Blowholes "breathe" in and out
is located 182 kilometres east of Balladonia and 64 kilometres
west of Cocklebiddy.
is said to be derived from an aboriginal word meaning "spear track"
. The traditional landowners of the Caiguna area and other western
nullarbor lands are the Ngadju and Mirning peoples.
European contact with the area began in 1841 when Edward John
Eyre and his expedition passed within 20 kilometres of present
day Caiguna. On 29 April 1841 tragedy struck when John Baxter
was brutally murdered by 2 fellow members of Edward John Eyre's
expedition. At the time, Eyre felt Baxter's untimely death was
all the more ignominious given that he couldn't even be given
the dignity of a proper christian burial. According to Eyre's
journal the whole area was overlain with solid sheets of limestone
bedrock, and apparently under the circumstances the best that
could be done was to wrap his friend's body in a shroud, leaving
it exposed to the elements. Nearly forty years later, a resident
of Eyre's Sandpatch named William Graham organised a search party
to discover Baxter's remains. Under the leadership of John Healy
the search party did in fact discover Baxter's remains - minus
the skull however. Near the site were also found a number of other
relics, including the lock mechanism of a gun. By all accounts
Baxter's bones were then packed into a calico bag and despatched
to the Colonial Secretary's Office in Perth. In a peculiar twist
of fate the final resting place of Baxter's bones still remains
something of a mystery, even until today. Apparently all records
relating to the disposal of Baxter's remains have been lost. In
1930 the Western Australian Historical Society erected a memorial
John Baxter and this can be viewed 20 kilometres south of Caiguna.
Roadhouse is one of three Nullarbor Roadhouses that provide a
24 hour seven days a week service - Norseman and Border Village are the other 2. Staff at Caiguna Roadhouse
are helpful, friendly and can provide travellers with a range
of takeaway foods and snacks. EFTPOS, Public Telephone and pay
shower facilities are also available. If you are heading to the
west Caiguna might well be a good rest and refuelling stop - especially
given that the next Roadhouse is 182 kilometres away at Balladonia.
Travelers should note that Caiguna sells LPG Gas for cars and
Premium petrol. Super Grades of petrol are not sold but fuel additives
can be bought. For those of you
with an aircraft, a landing strip can also be found along side
to Caiguna's Roadhouse is the John Eyre Motel which has 10 self
contained Motel Units and a caravan park with camping facilities.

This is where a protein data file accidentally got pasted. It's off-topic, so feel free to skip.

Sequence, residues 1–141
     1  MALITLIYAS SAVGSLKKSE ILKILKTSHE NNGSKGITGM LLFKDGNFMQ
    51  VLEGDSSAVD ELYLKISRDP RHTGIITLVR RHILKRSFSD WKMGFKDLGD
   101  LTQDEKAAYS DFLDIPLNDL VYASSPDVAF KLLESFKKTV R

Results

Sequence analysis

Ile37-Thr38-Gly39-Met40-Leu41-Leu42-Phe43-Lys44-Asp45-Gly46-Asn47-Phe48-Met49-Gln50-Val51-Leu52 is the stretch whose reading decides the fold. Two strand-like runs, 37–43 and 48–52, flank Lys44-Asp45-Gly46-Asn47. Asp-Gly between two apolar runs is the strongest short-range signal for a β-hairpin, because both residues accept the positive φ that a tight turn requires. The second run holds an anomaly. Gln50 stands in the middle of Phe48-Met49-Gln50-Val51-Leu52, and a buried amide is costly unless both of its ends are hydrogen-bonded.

Nullarbor Net suggests that it might well pay travellers to make
advance bookings given the number of rooms available. This advice
particularly applies during peak travel periods when many Motels
on the Nullarbor can be booked out. For further information and
bookings please telephone (08) 9039 3459.
John Eyre Motel Accomodation Rates:
Single rooms $95-00
Twin Share Rooms $110-00
Budget Single Rooms $65-00
Double Rooms $75-00
Caravan Park Rates:
Powered sites $25-00 for 2 people
sites $15-00 for 2 people
Extra people $5-00 per night
Prices valid as at 14 September 2009
Caiguna Blowhole is located 5 kilometres
west of Caiguna and 10 metres on the Eyre Highway, access to the
site is and well signposted. A visit to Caiguna Blowhole will
provide you with an interesting short road side stop. On the Nullarbor,
blowholes are formed by chemical and physical weathering processes
that erode the limestone bedrock common in this part of Australia.
The name blow hole refers to the fact that these natural features
breathe air in and out as high and low pressure weather systems
pass accross the Nullarbor. The periodic reversal of air flows
is a result of pressure equalisation between the underground caverns
and the above ground air pressure.
When travelling between Caiguna and
Balladonia travellers have to drive along Australia's longest
stretch of straight road. Despite using metric measurement for
the past 30 years this area is still referred to as "The 90 Mile
Straight." In metric terms that translates into 146.6 kilometres
without a bend.
To the south of Caiguna, in four wheel drive territory only, lies
the Nuytsland Nature Reserve. Within the area are a number of
sites that may be of interest to the traveller. If you have a
strong interest in the history of Australian exploration, twenty
kilometres to the south of Caiguna you will find Baxter's Memorial.
Beyond this, on the Great Australian Bight, are the spectacular
Baxter's Cliffs. Within the Nuytsland Nature Reserve are a number
of small caves and collapsed caverns known as dolines. Local Caiguna
people occasionally visit these features when they are not working
at the Roadhouse. One such feature has been called "Dead Dog Cave."
This small cave is apparently about 6 or 7 metres deep and is
the site where the mummified remains of a marsupial dog were found.
Scientifically it has been classified as a thylacine but the rest
of us would know it as a Tasmanian Tiger. Yes, Tasmanian Tigers
did actually live on mainland Australia several thousands of years
ago. To access any of the above areas in Nuytsland Nature Reserve
travellers will need to possess 4 wheel drive vehicles, ask for
directions and local advice from the staff at the Caiguna Roadhouse,
and be prepared for overnight camping.
Net Travel Tips
On the Western Australian end of the Nullarbor
you will see plenty of signs indicating road hazards such as kangaroos,
emus and the odd camel. These signs are NOT just for show. We recommend
that great care be taken when driving, particularly around sunset
and at night. If ever you leave the main highway, remember that
this area is VERY isolated and you need a four wheel drive, plenty
of water and be prepared rely entirely on your own resources to
deal with emergencies.